LAN-to-LAN (site-to-site) VPNs are a quickly expanding alternative or augmentation to leased line or frame relay WAN infrastructures. VPNs are used to create secure tunnels between two networks via an insecure public network, such as the Internet. The Cisco Concentrator supports three types of tunnels: Layer 2 Tunneling Protocol (L2TP), Point- to-Point Tunneling Protocol (PPTP), and IPSec.
Two types of LAN-to-LAN VPN implementations exist.
Intranet VPNs provide secure connections between branch offices to the enterprise network resources.
Extranet VPNs provide secure connections for special third parties, such as business partners, vendors, and customers to the specified enterprise resources.
While this chapter and the certification exam focus mainly on the Cisco VPN 3000 Concentrators for LAN-to-LAN implementations, note that the VPN peer device at the other end of this type of link can be any of the following common technologies:
Another Cisco VPN Concentrator
A Cisco VPN 3002 Hardware Client
A Cisco IOS router
A Cisco PIX Firewall
A third-party VPN device
Figure 16-1 shows common intranet and extranet VPNs, as well as the different types of Cisco endpoint devices that might be used.
In a LAN-to-LAN implementation, IPSec creates a secure tunnel between the public interfaces of the two VPN Concentrators or endpoint devices. The endpoint devices forward the secure data received over the VPN to the hosts on their private LANs as unencrypted data. No VPN user authentication or configuration exists in a LAN-to-LAN connection. Hosts configured on the private networks can access hosts on the other side of the connection. Any access is subject to any network authentication, group or user permissions, and router access lists.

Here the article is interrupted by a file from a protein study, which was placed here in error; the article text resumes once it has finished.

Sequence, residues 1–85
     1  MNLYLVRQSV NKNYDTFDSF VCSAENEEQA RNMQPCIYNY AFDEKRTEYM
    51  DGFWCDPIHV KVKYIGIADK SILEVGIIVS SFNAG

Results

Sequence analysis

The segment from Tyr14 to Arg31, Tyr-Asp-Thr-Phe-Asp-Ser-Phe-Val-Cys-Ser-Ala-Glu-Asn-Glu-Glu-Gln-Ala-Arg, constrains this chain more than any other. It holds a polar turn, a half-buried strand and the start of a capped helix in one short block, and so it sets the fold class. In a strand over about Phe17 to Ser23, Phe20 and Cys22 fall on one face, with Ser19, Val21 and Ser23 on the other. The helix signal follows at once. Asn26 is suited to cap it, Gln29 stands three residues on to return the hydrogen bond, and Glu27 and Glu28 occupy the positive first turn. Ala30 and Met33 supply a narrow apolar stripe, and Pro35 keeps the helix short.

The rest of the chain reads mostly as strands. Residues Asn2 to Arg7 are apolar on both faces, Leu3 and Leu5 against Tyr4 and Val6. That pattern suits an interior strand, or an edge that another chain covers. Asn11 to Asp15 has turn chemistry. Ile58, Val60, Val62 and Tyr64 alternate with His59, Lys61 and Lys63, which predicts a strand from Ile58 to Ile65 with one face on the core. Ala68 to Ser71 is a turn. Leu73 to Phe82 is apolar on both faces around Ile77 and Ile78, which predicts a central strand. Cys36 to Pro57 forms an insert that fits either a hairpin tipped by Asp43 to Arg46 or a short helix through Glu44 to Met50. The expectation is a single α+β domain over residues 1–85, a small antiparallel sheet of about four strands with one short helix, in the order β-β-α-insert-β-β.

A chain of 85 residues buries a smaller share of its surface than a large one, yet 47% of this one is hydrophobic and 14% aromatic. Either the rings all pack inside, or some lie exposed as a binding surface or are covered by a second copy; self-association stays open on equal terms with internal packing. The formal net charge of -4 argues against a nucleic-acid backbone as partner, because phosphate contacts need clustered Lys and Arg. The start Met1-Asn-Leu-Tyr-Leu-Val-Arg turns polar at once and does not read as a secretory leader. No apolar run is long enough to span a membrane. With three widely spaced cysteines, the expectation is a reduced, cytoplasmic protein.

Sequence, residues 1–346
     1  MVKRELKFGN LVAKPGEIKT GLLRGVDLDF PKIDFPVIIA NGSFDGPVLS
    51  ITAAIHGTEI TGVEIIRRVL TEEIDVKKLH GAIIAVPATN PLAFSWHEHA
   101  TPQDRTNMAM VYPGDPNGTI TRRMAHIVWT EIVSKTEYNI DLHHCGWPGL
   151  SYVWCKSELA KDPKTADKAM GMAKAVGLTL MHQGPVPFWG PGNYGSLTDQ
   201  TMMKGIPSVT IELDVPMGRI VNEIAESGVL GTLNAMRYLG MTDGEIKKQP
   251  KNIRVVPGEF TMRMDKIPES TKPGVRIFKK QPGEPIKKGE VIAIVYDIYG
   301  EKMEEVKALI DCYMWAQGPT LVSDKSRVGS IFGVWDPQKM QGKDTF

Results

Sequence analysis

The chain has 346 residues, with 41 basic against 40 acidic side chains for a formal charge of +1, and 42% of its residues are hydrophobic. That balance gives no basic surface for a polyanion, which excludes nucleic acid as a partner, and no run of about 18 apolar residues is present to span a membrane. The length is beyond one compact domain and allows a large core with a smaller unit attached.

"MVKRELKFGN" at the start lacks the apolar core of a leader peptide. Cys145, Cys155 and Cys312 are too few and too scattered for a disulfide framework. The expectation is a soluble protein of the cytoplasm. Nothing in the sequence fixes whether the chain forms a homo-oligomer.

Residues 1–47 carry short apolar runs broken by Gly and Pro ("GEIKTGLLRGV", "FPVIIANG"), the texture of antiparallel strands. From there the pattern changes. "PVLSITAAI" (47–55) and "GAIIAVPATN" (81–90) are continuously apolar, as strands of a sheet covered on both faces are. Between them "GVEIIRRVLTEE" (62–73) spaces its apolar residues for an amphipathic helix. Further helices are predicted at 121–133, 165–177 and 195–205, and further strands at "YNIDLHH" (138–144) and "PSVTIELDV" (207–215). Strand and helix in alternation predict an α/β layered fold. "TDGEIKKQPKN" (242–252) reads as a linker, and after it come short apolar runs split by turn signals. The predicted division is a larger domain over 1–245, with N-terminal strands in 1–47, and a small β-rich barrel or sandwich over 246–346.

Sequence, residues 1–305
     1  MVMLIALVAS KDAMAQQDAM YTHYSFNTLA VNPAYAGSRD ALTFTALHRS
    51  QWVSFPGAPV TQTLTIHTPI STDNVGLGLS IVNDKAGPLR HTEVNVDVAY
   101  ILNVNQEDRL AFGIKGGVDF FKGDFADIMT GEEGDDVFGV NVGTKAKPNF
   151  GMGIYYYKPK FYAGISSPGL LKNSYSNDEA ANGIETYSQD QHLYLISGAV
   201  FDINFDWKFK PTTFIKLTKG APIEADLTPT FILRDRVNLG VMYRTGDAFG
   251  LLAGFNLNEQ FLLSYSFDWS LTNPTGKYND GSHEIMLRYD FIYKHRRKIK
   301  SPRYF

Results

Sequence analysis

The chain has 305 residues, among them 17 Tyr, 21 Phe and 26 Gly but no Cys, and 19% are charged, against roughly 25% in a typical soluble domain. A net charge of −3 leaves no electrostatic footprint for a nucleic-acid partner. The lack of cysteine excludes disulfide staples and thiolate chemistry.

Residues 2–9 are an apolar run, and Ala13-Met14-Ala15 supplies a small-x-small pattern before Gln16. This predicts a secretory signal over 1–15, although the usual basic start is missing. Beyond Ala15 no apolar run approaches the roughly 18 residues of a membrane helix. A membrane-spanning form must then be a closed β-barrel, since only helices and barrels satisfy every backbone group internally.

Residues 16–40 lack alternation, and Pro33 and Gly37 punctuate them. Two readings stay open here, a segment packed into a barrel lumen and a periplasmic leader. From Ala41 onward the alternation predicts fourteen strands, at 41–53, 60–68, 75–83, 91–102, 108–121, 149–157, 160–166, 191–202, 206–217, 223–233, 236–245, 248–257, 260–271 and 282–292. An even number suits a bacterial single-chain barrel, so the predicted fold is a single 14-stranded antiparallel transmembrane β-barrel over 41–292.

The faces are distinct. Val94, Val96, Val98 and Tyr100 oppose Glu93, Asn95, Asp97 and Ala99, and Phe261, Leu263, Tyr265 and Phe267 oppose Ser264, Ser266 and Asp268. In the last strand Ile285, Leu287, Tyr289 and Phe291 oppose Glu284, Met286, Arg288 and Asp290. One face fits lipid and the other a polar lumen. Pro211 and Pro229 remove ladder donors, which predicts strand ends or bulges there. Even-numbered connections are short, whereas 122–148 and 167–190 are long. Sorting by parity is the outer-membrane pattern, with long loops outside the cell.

To configure a LAN-to-LAN connection fully, you must configure identical basic IKE and IPSec parameters on both endpoint devices.
Remember, the IPSec VPN related ports on all network devices between the endpoints must be open. The ports are IKE/ISAKMP UDP port 500, ESP IP protocol number 50, and AH IP protocol number 51.
The scenario used in the following discussion is quite simple, in case someone wants to follow along with appropriate devices. The configuration is based on Figure 16-2, showing a branch location connecting through a VPN Concentrator to another VPN Concentrator at the main office. The scenario assumes the main office has reserved the 128 class C networks 192.168.0.0 to 192.168.127.0 for its internal use. The other private class C addresses have been assigned as needed to the company’s branch locations. The figure shows a branch location assigned the 192.168.144.0 network.
While the diagram assumes a Concentrator at both ends, the central site configuration process won’t change much, regardless of the device at the branch. You might need to modify the IKE and IPSec choices based on what the peer device can support.